Baylor > Arts & Sciences > About The College > Strategic Plan > Theme 4: Investing in the Health Sciences > AOD 3--Achieving More Favorable Student-to-Faculty Ratios in the Sciences

Theme 4

Investing in the Health Sciences

Act of Determination 3 -- Achieving More Favorable Student-to-Faculty Ratios in the Sciences

Nothing is more critical to supporting the health science initiative at Baylor than hiring faculty who can directly support and enhance the educational experience in classroom, laboratory, and clinical settings. It is essential that Arts & Sciences STEM departments hire faculty who enhance departmental goals in support of the health and human sciences. Such faculty hires will not necessarily be clinicians, nor will they necessarily pursue research directly related to human health. These hires will include faculty who conduct work in topical areas applicable to human health issues and whose research interests are in basic and translational science fields such as genetics, biochemistry, nutrition, neuroscience, and cell and molecular biology. Furthermore, undergraduate and graduate student research experiences in these laboratories will equip students with skills directly related to their success as future scientists and practitioners in the health and human sciences.

Table 4.1 shows the teaching demand serviced by sciences, mathematics, and statistics departments in relation to number of faculty. Consequently, the number of student credit hours (SCH) per faculty FTE translates to many large classes, resulting in fewer-than-optimal student contact hours, fewer classroom-laboratory interactions, and limited modes of instruction (less oral and written communication than is desirable). Significantly, high major-to-faculty ratios occur in departments that encounter difficulties providing the number of quality research experiences that students expect. Such experiences are invaluable for success in admission into professional programs in medical, dental, and other health-related schools. Small major-to-faculty ratios identify departments likely having capacity to educate more majors; targeting recruitment effort toward these majors could reduce pressures on the heavily subscribed majors.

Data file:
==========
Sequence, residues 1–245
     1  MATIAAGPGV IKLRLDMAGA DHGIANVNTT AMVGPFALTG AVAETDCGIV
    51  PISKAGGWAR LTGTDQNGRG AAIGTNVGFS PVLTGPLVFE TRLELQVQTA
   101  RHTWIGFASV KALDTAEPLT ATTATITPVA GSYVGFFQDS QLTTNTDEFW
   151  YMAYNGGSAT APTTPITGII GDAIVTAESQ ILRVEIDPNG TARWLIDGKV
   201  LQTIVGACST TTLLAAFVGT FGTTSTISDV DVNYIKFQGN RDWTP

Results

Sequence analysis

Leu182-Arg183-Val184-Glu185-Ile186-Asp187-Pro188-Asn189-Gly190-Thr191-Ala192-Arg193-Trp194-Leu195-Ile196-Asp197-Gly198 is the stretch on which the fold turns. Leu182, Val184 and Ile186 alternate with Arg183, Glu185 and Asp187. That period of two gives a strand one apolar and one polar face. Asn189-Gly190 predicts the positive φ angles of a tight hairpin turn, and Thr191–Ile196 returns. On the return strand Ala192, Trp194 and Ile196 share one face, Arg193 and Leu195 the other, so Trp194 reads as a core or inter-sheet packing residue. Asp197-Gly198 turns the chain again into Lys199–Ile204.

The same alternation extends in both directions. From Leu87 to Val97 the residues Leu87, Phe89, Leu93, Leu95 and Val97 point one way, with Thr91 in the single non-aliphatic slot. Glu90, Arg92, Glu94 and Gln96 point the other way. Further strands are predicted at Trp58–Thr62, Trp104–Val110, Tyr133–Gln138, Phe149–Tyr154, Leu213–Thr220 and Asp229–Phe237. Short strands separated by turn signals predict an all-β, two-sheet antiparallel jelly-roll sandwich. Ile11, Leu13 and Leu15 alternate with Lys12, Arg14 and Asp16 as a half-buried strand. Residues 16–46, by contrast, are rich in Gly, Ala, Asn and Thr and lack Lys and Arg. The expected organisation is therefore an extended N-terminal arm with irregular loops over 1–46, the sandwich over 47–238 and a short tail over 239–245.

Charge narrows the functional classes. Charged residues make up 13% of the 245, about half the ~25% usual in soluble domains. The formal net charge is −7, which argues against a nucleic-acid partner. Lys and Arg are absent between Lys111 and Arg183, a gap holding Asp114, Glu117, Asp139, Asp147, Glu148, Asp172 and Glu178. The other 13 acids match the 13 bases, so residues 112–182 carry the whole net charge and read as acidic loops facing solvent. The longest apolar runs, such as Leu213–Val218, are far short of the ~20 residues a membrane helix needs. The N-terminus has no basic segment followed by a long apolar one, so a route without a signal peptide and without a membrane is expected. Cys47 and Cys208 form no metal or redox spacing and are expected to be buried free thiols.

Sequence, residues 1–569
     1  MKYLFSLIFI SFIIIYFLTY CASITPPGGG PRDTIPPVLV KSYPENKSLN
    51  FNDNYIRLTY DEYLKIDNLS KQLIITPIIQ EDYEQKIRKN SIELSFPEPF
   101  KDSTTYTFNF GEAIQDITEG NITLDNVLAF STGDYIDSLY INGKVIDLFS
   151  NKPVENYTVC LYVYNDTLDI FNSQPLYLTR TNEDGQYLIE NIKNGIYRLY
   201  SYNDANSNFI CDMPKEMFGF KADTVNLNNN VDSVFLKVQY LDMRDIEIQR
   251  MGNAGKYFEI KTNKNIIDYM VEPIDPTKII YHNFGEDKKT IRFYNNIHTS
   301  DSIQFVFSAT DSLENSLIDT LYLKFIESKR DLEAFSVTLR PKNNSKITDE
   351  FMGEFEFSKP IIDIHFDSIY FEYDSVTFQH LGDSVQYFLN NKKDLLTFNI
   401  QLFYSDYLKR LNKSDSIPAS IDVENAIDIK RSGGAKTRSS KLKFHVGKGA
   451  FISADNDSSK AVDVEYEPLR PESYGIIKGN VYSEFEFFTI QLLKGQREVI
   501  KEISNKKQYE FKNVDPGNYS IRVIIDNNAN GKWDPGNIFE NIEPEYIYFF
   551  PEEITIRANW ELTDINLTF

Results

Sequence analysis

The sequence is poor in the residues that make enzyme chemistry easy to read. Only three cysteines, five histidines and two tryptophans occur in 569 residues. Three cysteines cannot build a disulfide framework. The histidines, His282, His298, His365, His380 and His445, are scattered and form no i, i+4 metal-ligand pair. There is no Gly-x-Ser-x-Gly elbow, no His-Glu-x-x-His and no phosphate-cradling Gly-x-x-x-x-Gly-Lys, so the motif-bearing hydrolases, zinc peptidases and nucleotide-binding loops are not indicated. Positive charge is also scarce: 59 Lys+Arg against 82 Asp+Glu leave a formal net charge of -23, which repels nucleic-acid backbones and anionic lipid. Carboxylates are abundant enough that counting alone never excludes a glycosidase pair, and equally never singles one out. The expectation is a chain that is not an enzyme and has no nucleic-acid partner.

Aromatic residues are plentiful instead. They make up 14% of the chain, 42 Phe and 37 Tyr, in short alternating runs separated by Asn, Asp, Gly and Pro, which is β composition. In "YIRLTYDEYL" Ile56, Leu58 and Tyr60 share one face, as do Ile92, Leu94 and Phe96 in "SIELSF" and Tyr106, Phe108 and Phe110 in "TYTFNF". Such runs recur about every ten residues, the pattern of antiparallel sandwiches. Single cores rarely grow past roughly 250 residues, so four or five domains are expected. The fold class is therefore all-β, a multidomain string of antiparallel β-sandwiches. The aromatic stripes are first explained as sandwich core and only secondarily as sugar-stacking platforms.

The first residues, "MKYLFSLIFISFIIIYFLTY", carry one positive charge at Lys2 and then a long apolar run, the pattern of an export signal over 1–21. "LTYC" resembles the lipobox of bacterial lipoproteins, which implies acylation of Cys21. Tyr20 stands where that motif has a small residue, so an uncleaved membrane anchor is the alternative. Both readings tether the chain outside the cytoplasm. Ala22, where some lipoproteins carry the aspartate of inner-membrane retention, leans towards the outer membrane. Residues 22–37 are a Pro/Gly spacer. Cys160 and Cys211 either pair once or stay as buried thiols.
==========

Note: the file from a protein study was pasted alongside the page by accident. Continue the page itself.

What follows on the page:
Table 4.1. Student Major-to-Faculty and Credit-Hour-to-Faculty Ratios for Sciences, Mathematics, and Statistical Science Departments at Baylor.

Table 4.1 (resized)

Determination of student-to-faculty ratios is complex, and justification for increases in faculty numbers is based on an equally complex constellation of factors. However, proven best pedagogical practices, literature on retention and engagement, and comparison with peer and aspirant institutions show strong support for mounting a significant effort to reduce this ratio in the sciences at Baylor. Arts & Sciences has adopted a 10-Year Enrollment Management Plan (refer to Appendix 1B) and has already hired a Director of Undergraduate Enrollment Initiatives as initial steps in addressing these concerns. The enrollment management strategy will strive to shape the freshman class in ways that moderate the numbers of majors in traditional prehealth departments (Biology, Psychology and Neuroscience, Chemistry and Biochemistry) and to guide prehealth students to other science majors having capacity, as well as to majors in the Humanities and Social Sciences.

Action Step:

  • The Dean’s Office and department chairs in the Arts & Sciences STEM departments will evaluate replacement and expansion hires anticipated in the coming decade, and by Fall 2014 will create a plan for hiring in support of the health sciences.